Mumbai:A study published on the eve of the World Sleep Day revealed that more than 53 % Sleep Apnea patients also have Diabetes and Hypertension .The study found that the numbers were significantly higher when compared to the other group where the percentage suffering was just 21 %.
According to experts the Philip Healthcare report revealed that Sleep Apnea patients suffered from serious health issues including High blood pressure, obesity, and irregular heartbeats. 14% according to the study suffered from cardiac problems and 84% acknowledged that their heavy snoring troubled others in close proximity.
According to TOI estimates show India has 30-35 million people suffering from Sleep Apnea and the country is a host to people ailing from Diabetes and Blood Pressure due to lifestyle problems; this leading to further complications like that of obstructive Sleep Apnea.
Dr Abhijeet Deshpande from the International Institute of Sleep Sciences, Mumbai stated that frequent intervals of breathlessness, excessive loud snoring, waking up with a dry mouth or sore throat, excessive sleep during the daytime were all common symptoms of a sleep disorder. “But the challenge is to make people aware of the condition and its effects that are life-threatening like chronic cardiac conditions, strokes, neurological disorders to name a few,” he added.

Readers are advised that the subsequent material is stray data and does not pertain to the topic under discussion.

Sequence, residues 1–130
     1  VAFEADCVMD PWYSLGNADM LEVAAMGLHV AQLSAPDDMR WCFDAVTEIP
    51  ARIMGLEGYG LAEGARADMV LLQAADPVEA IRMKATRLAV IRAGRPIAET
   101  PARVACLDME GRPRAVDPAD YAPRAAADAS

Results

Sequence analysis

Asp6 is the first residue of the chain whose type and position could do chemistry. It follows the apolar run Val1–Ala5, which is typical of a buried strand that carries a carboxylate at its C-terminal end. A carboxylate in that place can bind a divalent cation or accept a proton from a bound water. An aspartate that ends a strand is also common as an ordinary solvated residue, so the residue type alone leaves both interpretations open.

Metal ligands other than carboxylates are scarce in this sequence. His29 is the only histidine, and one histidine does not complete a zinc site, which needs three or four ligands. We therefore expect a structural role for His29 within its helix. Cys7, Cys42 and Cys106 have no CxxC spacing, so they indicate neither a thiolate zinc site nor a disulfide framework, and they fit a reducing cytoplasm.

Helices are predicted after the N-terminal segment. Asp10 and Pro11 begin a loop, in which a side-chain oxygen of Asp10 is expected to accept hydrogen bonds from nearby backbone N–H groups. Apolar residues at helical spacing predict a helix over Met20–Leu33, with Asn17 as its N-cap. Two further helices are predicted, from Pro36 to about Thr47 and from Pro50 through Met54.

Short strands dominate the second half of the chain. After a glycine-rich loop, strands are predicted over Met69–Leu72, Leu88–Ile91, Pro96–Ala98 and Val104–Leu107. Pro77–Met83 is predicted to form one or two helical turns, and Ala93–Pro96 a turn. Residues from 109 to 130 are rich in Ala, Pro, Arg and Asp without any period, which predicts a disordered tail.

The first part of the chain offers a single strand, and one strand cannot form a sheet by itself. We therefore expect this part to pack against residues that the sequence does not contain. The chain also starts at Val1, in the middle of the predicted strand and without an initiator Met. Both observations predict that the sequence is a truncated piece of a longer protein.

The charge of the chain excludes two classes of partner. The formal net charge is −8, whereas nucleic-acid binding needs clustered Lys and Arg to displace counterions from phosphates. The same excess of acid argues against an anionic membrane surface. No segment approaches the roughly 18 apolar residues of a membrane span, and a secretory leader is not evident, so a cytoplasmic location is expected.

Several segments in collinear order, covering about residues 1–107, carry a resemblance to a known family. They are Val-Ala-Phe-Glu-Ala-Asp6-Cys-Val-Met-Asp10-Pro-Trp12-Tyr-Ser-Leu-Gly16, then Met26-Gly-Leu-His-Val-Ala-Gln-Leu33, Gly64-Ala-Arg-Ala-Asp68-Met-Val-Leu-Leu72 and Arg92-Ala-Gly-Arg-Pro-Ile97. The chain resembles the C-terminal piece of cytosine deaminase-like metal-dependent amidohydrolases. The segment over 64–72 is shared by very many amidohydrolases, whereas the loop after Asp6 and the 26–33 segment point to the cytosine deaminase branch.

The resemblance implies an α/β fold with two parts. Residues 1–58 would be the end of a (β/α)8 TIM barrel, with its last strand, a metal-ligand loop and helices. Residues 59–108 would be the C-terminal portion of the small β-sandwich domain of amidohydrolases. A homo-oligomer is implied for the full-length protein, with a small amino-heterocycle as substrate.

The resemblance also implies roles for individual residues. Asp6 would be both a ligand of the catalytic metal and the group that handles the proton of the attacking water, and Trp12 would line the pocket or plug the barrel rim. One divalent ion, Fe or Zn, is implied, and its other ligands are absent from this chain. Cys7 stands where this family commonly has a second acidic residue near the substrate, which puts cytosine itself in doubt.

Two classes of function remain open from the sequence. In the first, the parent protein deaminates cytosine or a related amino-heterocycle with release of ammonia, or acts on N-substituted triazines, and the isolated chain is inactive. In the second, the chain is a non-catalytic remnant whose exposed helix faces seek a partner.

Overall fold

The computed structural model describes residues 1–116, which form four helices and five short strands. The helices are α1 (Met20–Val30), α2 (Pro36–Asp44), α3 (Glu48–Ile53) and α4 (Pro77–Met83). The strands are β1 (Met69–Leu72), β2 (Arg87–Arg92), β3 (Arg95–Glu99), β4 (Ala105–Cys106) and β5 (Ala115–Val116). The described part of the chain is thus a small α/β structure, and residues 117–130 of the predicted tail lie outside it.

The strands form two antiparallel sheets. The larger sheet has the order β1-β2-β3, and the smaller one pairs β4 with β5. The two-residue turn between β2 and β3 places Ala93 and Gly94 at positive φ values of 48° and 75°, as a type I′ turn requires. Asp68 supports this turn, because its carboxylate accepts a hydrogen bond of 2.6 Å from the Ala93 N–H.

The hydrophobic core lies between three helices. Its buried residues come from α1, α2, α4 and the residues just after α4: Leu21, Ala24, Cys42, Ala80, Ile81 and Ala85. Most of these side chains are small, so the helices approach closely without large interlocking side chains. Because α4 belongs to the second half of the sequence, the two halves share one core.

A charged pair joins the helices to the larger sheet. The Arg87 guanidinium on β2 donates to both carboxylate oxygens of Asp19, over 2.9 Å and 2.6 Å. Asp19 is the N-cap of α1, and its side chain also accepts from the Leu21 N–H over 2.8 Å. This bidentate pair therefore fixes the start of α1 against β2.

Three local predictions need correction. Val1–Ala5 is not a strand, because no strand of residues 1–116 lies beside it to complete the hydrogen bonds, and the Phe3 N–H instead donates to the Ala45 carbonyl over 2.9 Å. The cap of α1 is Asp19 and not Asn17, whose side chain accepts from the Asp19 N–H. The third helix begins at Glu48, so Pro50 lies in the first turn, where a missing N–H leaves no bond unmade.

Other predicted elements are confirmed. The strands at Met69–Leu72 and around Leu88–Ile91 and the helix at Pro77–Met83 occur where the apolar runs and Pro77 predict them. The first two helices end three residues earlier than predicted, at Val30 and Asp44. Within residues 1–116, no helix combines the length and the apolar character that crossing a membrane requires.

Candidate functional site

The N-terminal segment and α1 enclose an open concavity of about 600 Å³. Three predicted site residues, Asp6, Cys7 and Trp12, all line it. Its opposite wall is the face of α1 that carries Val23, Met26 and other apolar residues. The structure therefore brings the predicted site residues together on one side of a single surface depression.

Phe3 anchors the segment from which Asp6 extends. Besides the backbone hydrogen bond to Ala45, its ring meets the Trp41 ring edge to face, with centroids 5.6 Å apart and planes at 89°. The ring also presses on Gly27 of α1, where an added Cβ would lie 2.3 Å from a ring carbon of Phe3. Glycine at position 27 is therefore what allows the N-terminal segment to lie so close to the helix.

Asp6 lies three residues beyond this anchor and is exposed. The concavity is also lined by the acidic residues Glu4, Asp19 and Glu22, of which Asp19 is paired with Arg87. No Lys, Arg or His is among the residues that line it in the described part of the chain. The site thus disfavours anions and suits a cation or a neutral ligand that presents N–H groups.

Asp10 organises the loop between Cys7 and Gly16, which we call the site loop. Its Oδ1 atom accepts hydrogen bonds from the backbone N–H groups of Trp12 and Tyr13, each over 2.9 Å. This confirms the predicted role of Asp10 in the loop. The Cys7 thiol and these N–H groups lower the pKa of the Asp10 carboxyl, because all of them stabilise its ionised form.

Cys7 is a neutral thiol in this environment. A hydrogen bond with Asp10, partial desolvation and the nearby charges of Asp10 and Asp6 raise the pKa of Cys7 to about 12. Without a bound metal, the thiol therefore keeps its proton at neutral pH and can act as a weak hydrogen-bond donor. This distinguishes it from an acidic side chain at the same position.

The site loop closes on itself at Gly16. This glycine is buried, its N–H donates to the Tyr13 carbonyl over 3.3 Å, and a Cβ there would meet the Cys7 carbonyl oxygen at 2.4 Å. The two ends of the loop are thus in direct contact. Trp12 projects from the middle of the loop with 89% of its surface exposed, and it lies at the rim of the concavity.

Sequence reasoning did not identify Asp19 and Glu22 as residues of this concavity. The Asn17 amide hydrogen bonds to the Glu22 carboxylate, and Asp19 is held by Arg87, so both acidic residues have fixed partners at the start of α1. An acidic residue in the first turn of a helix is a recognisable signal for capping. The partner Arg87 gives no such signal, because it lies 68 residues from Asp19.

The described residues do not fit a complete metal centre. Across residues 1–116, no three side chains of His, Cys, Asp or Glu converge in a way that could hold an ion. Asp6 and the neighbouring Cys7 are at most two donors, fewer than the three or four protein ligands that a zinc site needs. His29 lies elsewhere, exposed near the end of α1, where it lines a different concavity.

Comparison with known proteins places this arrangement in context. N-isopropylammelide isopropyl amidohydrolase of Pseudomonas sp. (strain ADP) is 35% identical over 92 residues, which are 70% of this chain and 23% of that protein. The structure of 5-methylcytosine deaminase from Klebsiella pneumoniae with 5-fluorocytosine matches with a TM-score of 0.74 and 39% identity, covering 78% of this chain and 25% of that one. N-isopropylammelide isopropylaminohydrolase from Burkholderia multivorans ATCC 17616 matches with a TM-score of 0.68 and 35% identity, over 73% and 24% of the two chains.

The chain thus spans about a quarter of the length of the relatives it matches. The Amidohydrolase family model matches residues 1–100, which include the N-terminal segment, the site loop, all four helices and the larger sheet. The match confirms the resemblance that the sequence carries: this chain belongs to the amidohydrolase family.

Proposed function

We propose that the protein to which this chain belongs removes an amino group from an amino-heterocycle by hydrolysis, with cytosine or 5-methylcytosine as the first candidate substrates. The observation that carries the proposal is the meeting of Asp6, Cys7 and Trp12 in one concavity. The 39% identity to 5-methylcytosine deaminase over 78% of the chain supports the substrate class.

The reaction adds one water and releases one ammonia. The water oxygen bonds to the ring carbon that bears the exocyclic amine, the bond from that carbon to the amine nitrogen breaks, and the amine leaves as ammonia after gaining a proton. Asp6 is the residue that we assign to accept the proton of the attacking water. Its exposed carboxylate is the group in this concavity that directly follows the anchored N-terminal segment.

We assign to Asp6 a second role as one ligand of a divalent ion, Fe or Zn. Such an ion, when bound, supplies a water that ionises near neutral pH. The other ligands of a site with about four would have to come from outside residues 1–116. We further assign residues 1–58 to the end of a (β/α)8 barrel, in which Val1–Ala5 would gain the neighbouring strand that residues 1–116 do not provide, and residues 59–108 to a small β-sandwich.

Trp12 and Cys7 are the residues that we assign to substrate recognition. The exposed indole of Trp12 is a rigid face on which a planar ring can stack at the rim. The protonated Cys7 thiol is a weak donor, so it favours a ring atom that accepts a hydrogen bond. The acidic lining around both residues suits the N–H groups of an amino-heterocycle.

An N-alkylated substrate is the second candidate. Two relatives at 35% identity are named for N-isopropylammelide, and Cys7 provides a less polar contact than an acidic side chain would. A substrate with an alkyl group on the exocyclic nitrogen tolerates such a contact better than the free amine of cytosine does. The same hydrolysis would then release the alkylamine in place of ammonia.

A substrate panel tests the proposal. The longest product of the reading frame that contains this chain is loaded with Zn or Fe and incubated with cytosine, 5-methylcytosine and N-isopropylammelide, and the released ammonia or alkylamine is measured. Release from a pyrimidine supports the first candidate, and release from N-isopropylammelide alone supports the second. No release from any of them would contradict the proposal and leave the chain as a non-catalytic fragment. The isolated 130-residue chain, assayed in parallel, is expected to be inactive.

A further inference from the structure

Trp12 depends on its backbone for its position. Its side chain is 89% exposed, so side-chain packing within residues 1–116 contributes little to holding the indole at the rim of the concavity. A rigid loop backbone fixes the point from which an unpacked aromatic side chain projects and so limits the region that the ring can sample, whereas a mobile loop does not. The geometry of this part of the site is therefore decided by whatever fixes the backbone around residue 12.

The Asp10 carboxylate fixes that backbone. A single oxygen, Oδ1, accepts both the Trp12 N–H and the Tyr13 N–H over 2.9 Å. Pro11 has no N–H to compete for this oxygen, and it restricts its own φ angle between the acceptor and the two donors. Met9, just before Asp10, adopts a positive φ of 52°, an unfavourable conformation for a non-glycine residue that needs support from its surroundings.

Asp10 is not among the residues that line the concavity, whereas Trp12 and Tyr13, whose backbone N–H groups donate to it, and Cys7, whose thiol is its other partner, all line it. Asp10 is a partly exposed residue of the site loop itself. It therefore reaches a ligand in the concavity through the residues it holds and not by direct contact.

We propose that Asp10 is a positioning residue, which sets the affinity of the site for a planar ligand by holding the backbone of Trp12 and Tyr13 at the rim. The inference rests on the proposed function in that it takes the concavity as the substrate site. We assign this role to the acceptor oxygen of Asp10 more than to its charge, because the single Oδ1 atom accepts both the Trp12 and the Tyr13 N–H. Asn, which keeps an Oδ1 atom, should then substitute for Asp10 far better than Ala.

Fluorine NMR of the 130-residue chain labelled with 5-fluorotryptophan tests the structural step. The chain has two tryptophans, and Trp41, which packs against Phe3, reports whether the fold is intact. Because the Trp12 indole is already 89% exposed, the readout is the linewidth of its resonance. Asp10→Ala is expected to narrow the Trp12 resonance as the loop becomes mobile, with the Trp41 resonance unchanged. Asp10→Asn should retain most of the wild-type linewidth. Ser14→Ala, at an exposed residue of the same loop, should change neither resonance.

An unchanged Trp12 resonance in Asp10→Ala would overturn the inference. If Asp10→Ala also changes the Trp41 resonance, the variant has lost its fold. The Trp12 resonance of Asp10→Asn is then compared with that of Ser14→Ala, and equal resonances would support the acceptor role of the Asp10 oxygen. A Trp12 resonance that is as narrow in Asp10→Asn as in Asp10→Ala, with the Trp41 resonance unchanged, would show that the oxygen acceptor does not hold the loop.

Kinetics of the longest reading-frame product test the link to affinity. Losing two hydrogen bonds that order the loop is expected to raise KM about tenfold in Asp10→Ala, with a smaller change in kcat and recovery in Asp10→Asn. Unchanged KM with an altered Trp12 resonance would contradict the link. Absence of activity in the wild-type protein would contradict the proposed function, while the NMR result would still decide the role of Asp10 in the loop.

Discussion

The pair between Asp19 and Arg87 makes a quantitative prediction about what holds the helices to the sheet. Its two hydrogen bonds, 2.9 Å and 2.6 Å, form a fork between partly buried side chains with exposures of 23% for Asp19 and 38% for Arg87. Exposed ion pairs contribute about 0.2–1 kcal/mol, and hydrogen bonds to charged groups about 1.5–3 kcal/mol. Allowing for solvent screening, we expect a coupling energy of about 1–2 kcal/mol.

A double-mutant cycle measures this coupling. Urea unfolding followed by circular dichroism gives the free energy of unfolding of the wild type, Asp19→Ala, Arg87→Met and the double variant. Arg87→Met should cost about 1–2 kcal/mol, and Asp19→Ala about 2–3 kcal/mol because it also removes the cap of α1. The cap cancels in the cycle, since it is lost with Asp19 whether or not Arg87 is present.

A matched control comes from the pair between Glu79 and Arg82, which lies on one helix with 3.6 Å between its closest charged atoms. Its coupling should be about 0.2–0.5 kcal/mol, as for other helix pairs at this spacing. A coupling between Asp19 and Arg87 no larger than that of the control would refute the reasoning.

“The good news is that most sleep disorders are entirely treatable. The bad news is people are oblivious to such problems. With most urban Indians sleeping under six hours due to their lifestyle, India currently is under a large ‘sleep debt’; and due to the same reason these people get susceptible to related diseases like diabetes and hypertension.” Dr. Deshpande furthwer elaborated.
The projected numbers show that by 2025, around 70-80 million of India’s population will suffer from diabetes and hypertension. “As per experts, the prevalence of sleep apnea in such patients’ account for 40-48%,” according to Udit Goyal, business head- home healthcare, Philips Healthcare India. He said that the study was conducted across the country (Tier 1 and Tier 2 cities) with around 1027 respondents.